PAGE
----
Two West Side youth organizers and friends—Destiny Harris and Kaleb Autman—discuss organizing on the West Side, why they bring historical context to the work being done today, and what they hope for themselves and their community in ten years.
Read Destiny and Kaleb’s written pieces at Injustice Watch. This piece was produced in collaboration with the South Side Weekly for Injustice Watch’s Essential Work series about young Black community organizers in Chicago.
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Kaleb Autman: Hi guys, I’m Kaleb Autman.
Destiny Harris: And I’m Destiny Harris. Both of us are long time West Siders, we’ve been doing work on our side of the city for a minute. What does it look like to be a West Side organizer in this moment?
KA: To be a West Side organizer in this moment is to be responsive to the demands and the needs of community all the time. When you look at the West Side, you have folk who are constantly struggling to survive. That is a sort of revolution. It is sort of a miracle. So to be a West Side organizer is to understand those needs and those demands, and to act upon them in a way that is not centering just the theory, but the practice of our work.
DH: For me to be a West Side organizer right now in this moment is continuing to mobilize our people and fight for our humanity. It is a moment where we’re getting a lot more visibility than say we would have so it’s interesting that everybody is paying attention to West Side organizers now, although it’s kind of sad that it’s just now happening. A lot of visibility when it comes to organizing in the city is concentrated on the South Side. And so it feels good that folks are reaching out and asking us, Oh, do y’all need anything for support? It’s just crazy that it took this long considering the West Side has been organizing forever.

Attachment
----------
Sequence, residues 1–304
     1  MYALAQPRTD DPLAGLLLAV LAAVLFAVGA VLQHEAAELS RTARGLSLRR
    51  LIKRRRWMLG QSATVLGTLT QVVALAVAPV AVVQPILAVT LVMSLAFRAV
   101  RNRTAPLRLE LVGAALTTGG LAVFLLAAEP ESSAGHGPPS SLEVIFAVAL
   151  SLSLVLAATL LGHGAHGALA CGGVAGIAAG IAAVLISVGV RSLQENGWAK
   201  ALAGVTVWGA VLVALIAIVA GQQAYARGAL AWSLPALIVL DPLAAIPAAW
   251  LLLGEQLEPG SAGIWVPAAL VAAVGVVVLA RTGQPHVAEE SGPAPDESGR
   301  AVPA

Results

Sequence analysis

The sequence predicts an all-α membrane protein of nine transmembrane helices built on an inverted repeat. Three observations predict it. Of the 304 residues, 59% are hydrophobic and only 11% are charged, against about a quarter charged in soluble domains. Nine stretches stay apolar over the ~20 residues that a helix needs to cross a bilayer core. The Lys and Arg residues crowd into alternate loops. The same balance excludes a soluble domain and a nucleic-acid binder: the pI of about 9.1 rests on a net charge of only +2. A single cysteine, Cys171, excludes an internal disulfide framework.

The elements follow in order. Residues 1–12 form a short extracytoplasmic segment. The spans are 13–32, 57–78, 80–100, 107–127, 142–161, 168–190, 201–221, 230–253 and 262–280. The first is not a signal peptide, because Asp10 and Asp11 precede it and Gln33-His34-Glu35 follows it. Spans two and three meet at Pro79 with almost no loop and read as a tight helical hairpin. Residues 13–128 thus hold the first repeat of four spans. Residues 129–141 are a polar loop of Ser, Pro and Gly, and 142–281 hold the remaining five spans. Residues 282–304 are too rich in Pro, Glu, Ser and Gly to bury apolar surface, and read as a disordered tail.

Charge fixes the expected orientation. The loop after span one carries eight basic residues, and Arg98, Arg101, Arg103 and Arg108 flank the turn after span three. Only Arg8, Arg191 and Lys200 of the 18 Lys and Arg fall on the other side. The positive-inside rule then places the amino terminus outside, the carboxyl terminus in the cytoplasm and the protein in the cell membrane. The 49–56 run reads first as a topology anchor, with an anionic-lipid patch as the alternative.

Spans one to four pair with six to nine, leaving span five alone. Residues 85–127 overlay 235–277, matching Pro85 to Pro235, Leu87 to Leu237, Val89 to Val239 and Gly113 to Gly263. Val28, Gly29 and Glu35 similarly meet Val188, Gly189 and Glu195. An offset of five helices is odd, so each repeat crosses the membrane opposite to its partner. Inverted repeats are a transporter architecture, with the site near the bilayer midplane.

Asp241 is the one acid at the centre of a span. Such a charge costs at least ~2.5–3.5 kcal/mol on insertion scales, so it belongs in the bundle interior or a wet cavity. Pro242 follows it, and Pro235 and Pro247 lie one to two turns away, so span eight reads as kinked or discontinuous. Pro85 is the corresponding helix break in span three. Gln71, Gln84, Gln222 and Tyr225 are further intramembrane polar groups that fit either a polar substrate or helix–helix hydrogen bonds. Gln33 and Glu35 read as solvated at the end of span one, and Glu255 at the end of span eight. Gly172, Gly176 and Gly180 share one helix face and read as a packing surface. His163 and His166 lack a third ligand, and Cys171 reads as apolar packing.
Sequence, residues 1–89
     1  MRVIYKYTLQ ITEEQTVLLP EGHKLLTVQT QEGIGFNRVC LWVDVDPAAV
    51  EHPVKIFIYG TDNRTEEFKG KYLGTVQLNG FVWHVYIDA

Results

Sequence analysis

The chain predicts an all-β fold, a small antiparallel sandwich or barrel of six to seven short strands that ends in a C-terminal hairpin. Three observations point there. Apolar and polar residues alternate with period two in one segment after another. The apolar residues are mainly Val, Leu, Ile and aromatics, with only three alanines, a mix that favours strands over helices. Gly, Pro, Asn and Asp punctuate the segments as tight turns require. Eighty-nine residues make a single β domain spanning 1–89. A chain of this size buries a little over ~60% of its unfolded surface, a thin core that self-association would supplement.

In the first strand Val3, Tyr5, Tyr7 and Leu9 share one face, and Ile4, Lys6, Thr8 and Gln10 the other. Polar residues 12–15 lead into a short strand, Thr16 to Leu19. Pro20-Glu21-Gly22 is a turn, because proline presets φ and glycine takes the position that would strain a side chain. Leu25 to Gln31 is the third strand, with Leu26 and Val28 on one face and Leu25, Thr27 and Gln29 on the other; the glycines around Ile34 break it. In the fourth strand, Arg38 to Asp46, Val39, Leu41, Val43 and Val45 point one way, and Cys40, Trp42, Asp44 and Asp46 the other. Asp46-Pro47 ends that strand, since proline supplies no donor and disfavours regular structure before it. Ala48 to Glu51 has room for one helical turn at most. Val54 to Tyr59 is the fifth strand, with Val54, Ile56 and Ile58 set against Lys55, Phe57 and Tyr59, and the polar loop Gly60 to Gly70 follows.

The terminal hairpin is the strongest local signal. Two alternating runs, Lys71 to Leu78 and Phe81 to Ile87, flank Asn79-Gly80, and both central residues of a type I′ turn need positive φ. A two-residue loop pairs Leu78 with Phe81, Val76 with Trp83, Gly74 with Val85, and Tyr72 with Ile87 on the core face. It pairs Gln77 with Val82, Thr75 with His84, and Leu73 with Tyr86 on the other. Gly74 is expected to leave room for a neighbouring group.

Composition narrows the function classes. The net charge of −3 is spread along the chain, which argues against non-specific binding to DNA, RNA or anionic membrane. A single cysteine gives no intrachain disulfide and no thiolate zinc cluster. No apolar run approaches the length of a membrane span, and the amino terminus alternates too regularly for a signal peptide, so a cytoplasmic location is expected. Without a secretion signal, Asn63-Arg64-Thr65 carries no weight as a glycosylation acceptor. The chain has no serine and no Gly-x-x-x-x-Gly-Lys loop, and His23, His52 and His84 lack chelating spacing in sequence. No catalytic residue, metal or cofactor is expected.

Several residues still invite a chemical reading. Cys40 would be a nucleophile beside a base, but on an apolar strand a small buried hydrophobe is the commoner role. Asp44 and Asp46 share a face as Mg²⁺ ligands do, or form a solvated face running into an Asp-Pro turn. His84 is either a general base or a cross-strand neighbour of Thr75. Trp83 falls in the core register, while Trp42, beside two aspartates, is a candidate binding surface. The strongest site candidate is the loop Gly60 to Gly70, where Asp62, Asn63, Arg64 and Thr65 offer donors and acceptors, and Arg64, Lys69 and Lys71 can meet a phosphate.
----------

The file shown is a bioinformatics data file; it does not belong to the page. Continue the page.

KA: In this movement, particularly in Chicago, West Siders have always shown up. It is said that the South Side can bring the bodies, but the West Side can bring the spirit. We have been there when Dr. King was in North Lawndale. We have been here since Haymarket Riots and the Haymarket Massacre, and we will be here until gentrification ceases in our communities.
DH: I think a lot of times when folks think about just the struggles, their mind goes to the South Side. But it’s like, we over here struggling too. And it just looks different. So what does it mean to just amplify those differences rather than writing them off. What do you think we’ve learned from our ancestors through this work?
KA: Our survival is the revolution. Us just living and breathing is a byproduct of a state that seeks to kill and destroy our bodies. We don’t need to go and mass up arms for us to be talking about the revolution. We are the revolution. It is in our bodies. It is in our bones. It is in our art. It is in the way that we speak. We deserve this movement individually, communally, but one of us is not the movement. We don’t center leaders in the Movement for Black Lives for a specific reason, knowing COINTELPRO, knowing the assassination of our civil rights leaders.